There are many questions heard regularly when I tell people that I am an acupuncturist.  Below, I have listed answers to these types of questions.

Do acupuncture needles hurt? This question is always a little tricky because it depends on what you mean by “hurt.” Acupuncture needles do not feel like getting a shot. Unlike hypodermic needles, acupuncture needles are thin, tiny and flexible. They are not inserted deeply. However, you might feel something. Sometimes you may feel a prick—like getting a mosquito bite. You may feel tingling or fullness when I adjust the needles. But in most cases, you’ll forget about the needles as you rest on the table.

Are there any side-effects from acupuncture? There are rarely side-effects from acupuncture. Sometimes there may be bruising or soreness, especially if you have a cupping or Gua Sha. Or you may feel light-headed or ungrounded after a session. Occasionally there is an emotional release. When people complain of worsening symptoms or fatigue from acupuncture, often it is actually a sign of healing. If your Qi has been blocked, it can cause uncomfortable symptoms as it resumes flowing. To understand this, imagine a garden hose with a kink in it. The kink stops the water from flowing; when you straighten it out, the water bursts out of the hose before it begins flowing normally again. Qi behaves the same way. If you notice your symptoms getting worse after a treatment, contact me. I can suggest ways to reduce your discomfort and speed your healing.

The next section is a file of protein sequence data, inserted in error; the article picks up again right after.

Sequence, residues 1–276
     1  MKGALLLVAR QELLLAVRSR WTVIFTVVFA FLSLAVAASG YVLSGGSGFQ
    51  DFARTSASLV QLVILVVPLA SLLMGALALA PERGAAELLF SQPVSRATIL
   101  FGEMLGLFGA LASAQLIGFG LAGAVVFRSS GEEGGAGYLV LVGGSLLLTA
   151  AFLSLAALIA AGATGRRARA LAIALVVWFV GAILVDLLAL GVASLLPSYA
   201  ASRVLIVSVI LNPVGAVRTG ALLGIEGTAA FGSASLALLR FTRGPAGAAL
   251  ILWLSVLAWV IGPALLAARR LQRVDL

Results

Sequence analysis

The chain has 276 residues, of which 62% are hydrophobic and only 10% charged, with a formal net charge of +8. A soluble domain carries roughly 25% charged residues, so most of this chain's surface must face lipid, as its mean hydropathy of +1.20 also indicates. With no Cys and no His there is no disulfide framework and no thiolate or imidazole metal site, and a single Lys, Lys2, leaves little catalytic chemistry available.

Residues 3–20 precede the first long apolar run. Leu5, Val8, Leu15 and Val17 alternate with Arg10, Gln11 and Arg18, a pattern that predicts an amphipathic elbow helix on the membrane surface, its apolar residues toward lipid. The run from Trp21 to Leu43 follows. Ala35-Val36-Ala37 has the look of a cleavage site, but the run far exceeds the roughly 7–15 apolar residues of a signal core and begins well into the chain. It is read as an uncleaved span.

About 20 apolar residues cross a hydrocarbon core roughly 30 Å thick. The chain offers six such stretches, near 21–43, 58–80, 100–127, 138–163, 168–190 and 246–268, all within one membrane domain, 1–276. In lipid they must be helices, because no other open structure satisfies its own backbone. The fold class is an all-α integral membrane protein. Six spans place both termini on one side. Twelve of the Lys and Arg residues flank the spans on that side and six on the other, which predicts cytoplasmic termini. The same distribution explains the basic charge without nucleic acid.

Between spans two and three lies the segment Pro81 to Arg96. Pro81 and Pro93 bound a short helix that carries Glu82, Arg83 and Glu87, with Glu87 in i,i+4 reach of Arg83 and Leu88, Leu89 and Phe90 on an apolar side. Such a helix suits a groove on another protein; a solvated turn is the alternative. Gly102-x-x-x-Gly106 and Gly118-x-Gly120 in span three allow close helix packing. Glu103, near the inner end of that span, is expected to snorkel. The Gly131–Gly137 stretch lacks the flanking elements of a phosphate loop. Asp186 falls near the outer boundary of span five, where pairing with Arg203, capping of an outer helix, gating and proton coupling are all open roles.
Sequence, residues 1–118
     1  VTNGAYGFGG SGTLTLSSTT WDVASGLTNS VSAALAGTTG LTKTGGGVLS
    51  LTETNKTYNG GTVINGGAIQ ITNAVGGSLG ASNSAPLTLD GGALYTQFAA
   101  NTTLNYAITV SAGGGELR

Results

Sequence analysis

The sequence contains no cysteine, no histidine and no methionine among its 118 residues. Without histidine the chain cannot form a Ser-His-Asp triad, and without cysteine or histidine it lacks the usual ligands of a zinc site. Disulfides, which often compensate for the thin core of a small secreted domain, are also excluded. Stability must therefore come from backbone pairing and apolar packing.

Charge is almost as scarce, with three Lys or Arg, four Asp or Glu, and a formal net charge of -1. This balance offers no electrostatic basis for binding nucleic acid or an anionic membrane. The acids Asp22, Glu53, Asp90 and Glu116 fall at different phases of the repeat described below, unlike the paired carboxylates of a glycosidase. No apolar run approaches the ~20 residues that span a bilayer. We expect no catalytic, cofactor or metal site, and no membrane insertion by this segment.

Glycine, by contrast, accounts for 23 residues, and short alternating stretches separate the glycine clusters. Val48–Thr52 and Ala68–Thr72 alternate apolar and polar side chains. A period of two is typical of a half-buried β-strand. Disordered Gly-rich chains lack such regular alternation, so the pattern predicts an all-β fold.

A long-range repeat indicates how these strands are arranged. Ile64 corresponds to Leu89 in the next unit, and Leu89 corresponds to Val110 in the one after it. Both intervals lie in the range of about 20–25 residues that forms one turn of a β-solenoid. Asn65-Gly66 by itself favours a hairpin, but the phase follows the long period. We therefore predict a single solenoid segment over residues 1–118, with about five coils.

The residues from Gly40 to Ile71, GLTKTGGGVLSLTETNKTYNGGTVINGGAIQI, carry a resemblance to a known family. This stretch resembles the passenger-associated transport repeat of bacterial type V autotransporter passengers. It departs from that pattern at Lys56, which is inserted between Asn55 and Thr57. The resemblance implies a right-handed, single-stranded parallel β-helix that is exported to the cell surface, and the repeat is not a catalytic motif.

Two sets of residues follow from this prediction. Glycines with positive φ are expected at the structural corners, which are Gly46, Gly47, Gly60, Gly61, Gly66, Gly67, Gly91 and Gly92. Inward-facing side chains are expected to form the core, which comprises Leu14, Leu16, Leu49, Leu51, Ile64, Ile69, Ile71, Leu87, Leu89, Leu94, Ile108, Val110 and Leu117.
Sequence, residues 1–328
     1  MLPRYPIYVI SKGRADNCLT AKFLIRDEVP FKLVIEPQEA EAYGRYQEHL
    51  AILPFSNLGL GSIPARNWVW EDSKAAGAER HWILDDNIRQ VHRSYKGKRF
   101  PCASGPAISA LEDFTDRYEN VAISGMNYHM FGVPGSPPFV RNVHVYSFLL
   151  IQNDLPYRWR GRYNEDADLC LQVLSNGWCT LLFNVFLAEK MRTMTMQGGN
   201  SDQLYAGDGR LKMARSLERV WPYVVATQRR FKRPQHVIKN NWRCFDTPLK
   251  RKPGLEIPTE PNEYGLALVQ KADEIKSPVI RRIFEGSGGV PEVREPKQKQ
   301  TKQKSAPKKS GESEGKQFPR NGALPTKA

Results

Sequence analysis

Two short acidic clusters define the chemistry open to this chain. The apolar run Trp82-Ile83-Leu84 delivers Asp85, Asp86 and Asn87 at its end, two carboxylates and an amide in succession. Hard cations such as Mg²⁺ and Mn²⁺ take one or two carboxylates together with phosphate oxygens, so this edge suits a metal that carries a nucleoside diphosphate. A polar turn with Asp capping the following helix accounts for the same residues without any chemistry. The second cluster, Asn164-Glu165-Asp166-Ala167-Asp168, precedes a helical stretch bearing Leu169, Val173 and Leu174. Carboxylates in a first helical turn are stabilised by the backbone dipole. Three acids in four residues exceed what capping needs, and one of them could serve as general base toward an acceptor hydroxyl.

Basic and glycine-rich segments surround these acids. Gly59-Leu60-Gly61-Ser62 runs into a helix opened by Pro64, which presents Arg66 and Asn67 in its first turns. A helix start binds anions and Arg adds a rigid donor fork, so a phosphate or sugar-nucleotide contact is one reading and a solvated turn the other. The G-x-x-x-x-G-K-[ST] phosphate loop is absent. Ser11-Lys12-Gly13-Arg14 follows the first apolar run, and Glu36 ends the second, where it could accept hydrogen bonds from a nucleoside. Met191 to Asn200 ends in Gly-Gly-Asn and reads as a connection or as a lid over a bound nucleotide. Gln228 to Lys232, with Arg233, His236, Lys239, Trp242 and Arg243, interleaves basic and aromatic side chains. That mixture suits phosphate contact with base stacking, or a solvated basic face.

Is acupuncture a placebo? This is a hotly contested question in the scientific community. Periodically a new study comes out, proving or disproving acupuncture. Of course, I don’t think acupuncture is a placebo. I have seen acupuncture work on many patients and I’ve seen extraordinary results. I have no doubt about its efficacy and confidently recommend it to everyone. But research has mixed results and it’s hard to weed through all the studies to come to a conclusion. Many studies about acupuncture are poorly designed with too small a sample or subjective results. Some studies focus on acupuncture for a single disease or condition and don’t translate their findings into broad conclusions. And of course, “acupuncture” is a broad term describing many techniques and many styles of practice. It’s hard to study all the variations. One big stumbling block to proving that acupuncture works is that western science doesn’t understand how it works. There are many theories but none of them cover all the effects of acupuncture all of the time. Since scientists can’t figure it out, they continue to question if it really exists. I think the biggest question to ask yourself is if you have seen results. Does acupuncture work for you? Do you feel better after an appointment? Why do you turn the needles? Turning the needles helps them work more effectively. It both helps move Qi and tells me if the Qi has started to move.